Do you qualify for the oft-misunderstood home-office deduction?
Doesn't everyone seem to have an opinion when you are considering claiming a home-office deduction? Advice on the subject seems to be offered everywhere, but so much of it is conflicting and frightening. As a CPA with 17 years of tax experience, I have known many people who did not claim the home-office deductions that they were honestly entitled to, just because of this confusion.
This is too bad, and truly unnecessary. The best way to safely claim this deduction is to thoroughly understand the IRS rules and how your particular homebased business does or does not qualify. Take a closer look at these rules to get a firmer grounding in the real facts so you can be more confident when you make your deduction decision.
The first challenge you'll face in claiming the home-office deduction is getting past the fear that it will cause an IRS audit. Prior to 1991, when the IRS introduced Form 8829, the home-office deduction was among the top 10 audit issues tracked by the IRS. Homebased businesses claimed the expenses for their home office right on their Schedule C. Home expenses were not separately identified from other expenses, so, for instance, office-equipment repairs were reported on the same line as house repairs.
Since we are, by law, not allowed to claim home-office expenses in excess of our net income, the IRS needed to check the calculations on many returns. The only way they could do that was to audit the returns which might have incorrect calculations or might not qualify.
Now, on Form 8829, business owners are able to clearly calculate their home-office deductions and carry the single number for the deduction to their Schedule C. This makes it easier for the IRS to review, quite automatically by computer, the calculations used for the deduction.
Instead of the feared increase in audits of home-office deductions, IRS spokesperson Don Roberts confirms that by mid-1994, the issue wasn't even in the top 30.
"I am not aware of any current program targeting the home-office deduction for audit," Roberts says. The IRS is now less concerned with how much of a deduction you are claiming than with whether or not you are eligible in the first place.
I recommend the following advice to homebased business owners: Claim all the deductions to which you are confidently entitled, rather than foregoing a deduction just because you think it might cause an audit. If you are not confident that you are entitled to a home-office deduction, it is worth the effort to gain that confidence. Read IRS Publication 587, Business Use of Your Home (see sidebar below for ordering information), to get a good understanding of the rules. You may also want to consult with a professional tax preparer, accountant or attorney for a professional opinion of your particular work situation.
The following information will help get you started.
The basic rule is that you can claim a deduction for the expenses associated with the portion of your home used "regularly and exclusively" for your business. The business percentage is calculated by measuring the square footage of the area used for your business and dividing it by the total usable square footage in your home. Form 8829 leads you through the computations to figure out how much you can claim of your home expenses, such as mortgage interest, real estate taxes and depreciation, if you own your home (or rent expense, if you are renting your house), heating and other utilities, insurance, repairs and supplies. That's actually the easy part.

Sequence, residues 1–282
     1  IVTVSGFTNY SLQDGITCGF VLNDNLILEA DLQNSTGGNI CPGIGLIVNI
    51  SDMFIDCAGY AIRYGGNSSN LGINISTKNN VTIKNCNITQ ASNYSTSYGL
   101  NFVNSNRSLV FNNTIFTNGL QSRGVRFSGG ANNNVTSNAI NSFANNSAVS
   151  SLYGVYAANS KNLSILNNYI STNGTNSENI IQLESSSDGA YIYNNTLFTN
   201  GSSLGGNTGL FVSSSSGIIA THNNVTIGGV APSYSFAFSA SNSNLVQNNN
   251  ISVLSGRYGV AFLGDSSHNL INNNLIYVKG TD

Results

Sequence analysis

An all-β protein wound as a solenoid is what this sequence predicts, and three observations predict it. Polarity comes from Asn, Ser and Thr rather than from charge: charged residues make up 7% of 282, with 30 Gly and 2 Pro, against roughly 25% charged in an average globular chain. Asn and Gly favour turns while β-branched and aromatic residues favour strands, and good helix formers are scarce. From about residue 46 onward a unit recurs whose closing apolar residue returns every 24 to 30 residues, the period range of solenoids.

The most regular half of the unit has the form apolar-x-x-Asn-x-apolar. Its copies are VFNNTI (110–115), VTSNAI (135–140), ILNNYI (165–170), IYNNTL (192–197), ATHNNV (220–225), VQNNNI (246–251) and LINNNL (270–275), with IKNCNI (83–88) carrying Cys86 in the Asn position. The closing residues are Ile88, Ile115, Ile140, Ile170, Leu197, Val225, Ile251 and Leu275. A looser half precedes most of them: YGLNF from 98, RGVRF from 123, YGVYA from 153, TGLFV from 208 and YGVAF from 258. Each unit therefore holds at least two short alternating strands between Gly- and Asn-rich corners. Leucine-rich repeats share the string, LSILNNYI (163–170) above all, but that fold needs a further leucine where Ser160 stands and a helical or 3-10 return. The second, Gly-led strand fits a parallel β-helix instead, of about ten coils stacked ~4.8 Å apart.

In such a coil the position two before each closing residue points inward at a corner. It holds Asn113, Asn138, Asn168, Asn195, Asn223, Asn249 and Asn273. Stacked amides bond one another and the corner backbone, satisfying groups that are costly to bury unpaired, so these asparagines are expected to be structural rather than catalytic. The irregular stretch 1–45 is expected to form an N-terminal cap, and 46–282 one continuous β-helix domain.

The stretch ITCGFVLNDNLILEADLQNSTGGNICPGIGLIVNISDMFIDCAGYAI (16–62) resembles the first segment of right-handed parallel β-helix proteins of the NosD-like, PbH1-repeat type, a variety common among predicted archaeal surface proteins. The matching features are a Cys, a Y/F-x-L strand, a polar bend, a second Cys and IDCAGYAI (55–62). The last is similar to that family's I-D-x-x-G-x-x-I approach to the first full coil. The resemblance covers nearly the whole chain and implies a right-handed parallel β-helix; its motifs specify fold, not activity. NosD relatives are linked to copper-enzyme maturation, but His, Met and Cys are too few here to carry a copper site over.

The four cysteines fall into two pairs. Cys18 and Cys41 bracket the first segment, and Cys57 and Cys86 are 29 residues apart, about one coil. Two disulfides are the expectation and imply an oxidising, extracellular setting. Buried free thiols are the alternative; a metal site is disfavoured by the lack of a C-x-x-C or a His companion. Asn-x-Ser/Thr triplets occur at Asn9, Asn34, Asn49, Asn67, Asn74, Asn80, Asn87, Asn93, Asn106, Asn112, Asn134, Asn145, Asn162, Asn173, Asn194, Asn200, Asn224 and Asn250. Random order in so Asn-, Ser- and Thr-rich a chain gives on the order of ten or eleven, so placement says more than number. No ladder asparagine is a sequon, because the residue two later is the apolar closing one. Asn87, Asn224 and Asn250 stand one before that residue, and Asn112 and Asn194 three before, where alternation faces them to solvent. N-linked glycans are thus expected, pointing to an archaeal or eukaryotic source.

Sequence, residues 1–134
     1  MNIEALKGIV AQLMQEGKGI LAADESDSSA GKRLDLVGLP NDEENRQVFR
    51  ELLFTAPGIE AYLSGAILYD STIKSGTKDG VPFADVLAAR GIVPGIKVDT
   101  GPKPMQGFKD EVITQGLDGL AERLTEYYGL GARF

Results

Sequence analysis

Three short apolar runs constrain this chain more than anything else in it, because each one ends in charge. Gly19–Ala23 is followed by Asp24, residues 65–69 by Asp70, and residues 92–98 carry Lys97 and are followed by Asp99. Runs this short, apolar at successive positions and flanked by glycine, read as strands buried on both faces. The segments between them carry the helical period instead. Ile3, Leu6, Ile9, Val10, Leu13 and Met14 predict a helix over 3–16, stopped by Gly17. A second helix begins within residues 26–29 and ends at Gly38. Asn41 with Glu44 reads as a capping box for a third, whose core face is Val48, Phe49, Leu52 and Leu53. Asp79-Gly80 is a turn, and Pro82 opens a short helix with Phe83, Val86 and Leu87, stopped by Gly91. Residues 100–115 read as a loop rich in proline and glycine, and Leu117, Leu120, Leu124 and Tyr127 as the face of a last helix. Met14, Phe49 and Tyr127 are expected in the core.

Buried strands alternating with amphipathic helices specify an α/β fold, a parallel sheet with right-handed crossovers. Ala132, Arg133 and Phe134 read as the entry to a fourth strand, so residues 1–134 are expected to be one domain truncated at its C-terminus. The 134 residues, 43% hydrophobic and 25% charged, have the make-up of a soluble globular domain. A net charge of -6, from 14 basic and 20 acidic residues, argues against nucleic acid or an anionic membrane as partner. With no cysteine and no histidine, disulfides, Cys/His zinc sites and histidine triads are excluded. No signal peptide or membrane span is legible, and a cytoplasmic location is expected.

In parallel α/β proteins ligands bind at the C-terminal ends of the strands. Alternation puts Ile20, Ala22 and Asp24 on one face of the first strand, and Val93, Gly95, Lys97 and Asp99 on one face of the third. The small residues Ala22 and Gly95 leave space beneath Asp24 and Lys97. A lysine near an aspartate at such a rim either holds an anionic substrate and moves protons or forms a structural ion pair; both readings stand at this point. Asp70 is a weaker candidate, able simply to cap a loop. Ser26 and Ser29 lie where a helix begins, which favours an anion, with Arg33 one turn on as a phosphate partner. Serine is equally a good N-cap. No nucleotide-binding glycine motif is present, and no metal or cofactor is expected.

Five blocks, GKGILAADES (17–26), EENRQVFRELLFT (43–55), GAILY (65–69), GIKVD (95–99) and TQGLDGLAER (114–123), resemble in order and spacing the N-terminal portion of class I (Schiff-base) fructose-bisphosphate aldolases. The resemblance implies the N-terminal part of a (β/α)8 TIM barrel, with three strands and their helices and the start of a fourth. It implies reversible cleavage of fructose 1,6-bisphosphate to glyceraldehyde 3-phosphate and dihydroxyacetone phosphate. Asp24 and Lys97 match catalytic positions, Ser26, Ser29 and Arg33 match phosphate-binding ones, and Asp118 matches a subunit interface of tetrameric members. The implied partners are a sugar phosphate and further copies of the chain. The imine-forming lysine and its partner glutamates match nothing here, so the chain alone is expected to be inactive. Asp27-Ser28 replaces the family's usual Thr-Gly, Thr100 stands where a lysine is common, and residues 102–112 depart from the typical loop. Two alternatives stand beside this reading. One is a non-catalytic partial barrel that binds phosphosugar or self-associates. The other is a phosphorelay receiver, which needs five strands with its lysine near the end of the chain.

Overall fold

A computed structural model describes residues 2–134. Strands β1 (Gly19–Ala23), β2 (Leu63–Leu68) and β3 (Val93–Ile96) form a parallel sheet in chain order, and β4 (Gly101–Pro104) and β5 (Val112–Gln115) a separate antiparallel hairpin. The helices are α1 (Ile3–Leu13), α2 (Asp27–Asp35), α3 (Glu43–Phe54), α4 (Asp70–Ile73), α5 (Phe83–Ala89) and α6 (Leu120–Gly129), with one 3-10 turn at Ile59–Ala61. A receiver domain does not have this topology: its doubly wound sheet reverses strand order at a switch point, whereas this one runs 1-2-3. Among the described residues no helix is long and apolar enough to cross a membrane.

You may have a space in your home that is used "regularly and exclusively" for business, as the law requires, but it still may not qualify if it does not fall into one of the following categories: 1) It's the principal place of your business, or 2) If it's a secondary location, it's a place where you meet and deal with customers.
If your business will be primarily operated out of your home and the actual sales or services occur there, you'll have no problem. In this case, your home office is your principal place of business. If you have another business location but customers also come regularly to your home office, you qualify under the second part. How often you need to have customers coming to your home is not specified in the law, but IRS Publication 587 uses an example of an attorney who works 3 days a week in her city office and works 2 days a week in her home office. It says that because the attorney regularly meets clients at home, her home office qualifies for the deduction.
But you may get caught on the second condition. If you have an off-site location that is actually the principal place of your business, then chances are your home office, where you do the bookkeeping, is not a place you meet and deal with customers. In this case, you would not be eligible for the deduction, even though the space at home is really used only for legitimate business purposes.
I have several clients who provide professional services at an off-site office, but in order to preserve their right to the home-office deduction, they make sure to meet with a few clients regularly at the home office. Think of ways you can draw customers to your home office on a regular basis if this provision puts your deduction at risk.
Whether or not you are eligible to claim the home-office deduction recently became a little harder to understand. This is due to a 1993 Supreme Court decision, Commissioner v. Soliman.
Dr. Nader E. Soliman is an anesthesiologist who worked through three hospitals. As a solo practitioner, he maintained an office in his home, completely devoted to his business, where he did his scheduling, billing, follow-up calls, and continuing educational study. He absolutely needed the office, as there was no office provided at any of the hospitals. Nevertheless, the U.S. Supreme Court ultimately judged that his home was not his principal place of business.